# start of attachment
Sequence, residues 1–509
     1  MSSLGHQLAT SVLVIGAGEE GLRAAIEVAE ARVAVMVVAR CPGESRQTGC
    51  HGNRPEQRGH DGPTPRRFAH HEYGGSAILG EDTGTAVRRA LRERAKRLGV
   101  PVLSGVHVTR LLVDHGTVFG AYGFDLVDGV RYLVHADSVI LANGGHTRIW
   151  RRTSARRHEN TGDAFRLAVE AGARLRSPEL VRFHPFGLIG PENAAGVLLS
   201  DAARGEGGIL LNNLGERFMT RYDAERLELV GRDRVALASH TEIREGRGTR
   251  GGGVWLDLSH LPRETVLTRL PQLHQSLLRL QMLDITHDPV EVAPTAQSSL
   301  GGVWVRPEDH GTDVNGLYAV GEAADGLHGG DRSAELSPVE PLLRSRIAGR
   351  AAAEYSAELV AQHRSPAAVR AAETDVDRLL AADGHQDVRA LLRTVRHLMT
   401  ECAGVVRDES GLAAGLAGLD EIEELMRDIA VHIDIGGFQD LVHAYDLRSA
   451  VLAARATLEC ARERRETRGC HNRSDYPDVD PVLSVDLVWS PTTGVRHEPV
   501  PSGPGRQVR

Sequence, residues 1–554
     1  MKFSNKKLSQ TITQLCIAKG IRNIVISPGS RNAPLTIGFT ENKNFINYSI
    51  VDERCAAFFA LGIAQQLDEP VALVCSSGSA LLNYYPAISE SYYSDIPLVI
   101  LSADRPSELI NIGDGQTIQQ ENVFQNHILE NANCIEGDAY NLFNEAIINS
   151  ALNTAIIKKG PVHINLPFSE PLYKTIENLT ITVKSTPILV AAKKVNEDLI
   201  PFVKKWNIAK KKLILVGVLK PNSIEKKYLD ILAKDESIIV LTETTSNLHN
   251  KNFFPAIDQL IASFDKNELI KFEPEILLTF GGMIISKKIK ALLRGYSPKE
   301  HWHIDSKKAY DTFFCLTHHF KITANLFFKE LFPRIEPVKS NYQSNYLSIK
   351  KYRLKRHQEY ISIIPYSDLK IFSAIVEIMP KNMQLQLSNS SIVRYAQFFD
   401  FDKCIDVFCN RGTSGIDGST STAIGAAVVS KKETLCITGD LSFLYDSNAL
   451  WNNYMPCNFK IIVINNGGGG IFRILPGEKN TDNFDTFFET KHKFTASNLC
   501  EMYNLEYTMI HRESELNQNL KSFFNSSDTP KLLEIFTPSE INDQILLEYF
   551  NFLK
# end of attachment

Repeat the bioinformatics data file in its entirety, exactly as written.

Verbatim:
Sequence, residues 1–509
     1  MSSLGHQLAT SVLVIGAGEE GLRAAIEVAE ARVAVMVVAR CPGESRQTGC
    51  HGNRPEQRGH DGPTPRRFAH HEYGGSAILG EDTGTAVRRA LRERAKRLGV
   101  PVLSGVHVTR LLVDHGTVFG AYGFDLVDGV RYLVHADSVI LANGGHTRIW
   151  RRTSARRHEN TGDAFRLAVE AGARLRSPEL VRFHPFGLIG PENAAGVLLS
   201  DAARGEGGIL LNNLGERFMT RYDAERLELV GRDRVALASH TEIREGRGTR
   251  GGGVWLDLSH LPRETVLTRL PQLHQSLLRL QMLDITHDPV EVAPTAQSSL
   301  GGVWVRPEDH GTDVNGLYAV GEAADGLHGG DRSAELSPVE PLLRSRIAGR
   351  AAAEYSAELV AQHRSPAAVR AAETDVDRLL AADGHQDVRA LLRTVRHLMT
   401  ECAGVVRDES GLAAGLAGLD EIEELMRDIA VHIDIGGFQD LVHAYDLRSA
   451  VLAARATLEC ARERRETRGC HNRSDYPDVD PVLSVDLVWS PTTGVRHEPV
   501  PSGPGRQVR

Sequence, residues 1–554
     1  MKFSNKKLSQ TITQLCIAKG IRNIVISPGS RNAPLTIGFT ENKNFINYSI
    51  VDERCAAFFA LGIAQQLDEP VALVCSSGSA LLNYYPAISE SYYSDIPLVI
   101  LSADRPSELI NIGDGQTIQQ ENVFQNHILE NANCIEGDAY NLFNEAIINS
   151  ALNTAIIKKG PVHINLPFSE PLYKTIENLT ITVKSTPILV AAKKVNEDLI
   201  PFVKKWNIAK KKLILVGVLK PNSIEKKYLD ILAKDESIIV LTETTSNLHN
   251  KNFFPAIDQL IASFDKNELI KFEPEILLTF GGMIISKKIK ALLRGYSPKE
   301  HWHIDSKKAY DTFFCLTHHF KITANLFFKE LFPRIEPVKS NYQSNYLSIK
   351  KYRLKRHQEY ISIIPYSDLK IFSAIVEIMP KNMQLQLSNS SIVRYAQFFD
   401  FDKCIDVFCN RGTSGIDGST STAIGAAVVS KKETLCITGD LSFLYDSNAL
   451  WNNYMPCNFK IIVINNGGGG IFRILPGEKN TDNFDTFFET KHKFTASNLC
   501  EMYNLEYTMI HRESELNQNL KSFFNSSDTP KLLEIFTPSE INDQILLEYF
   551  NFLK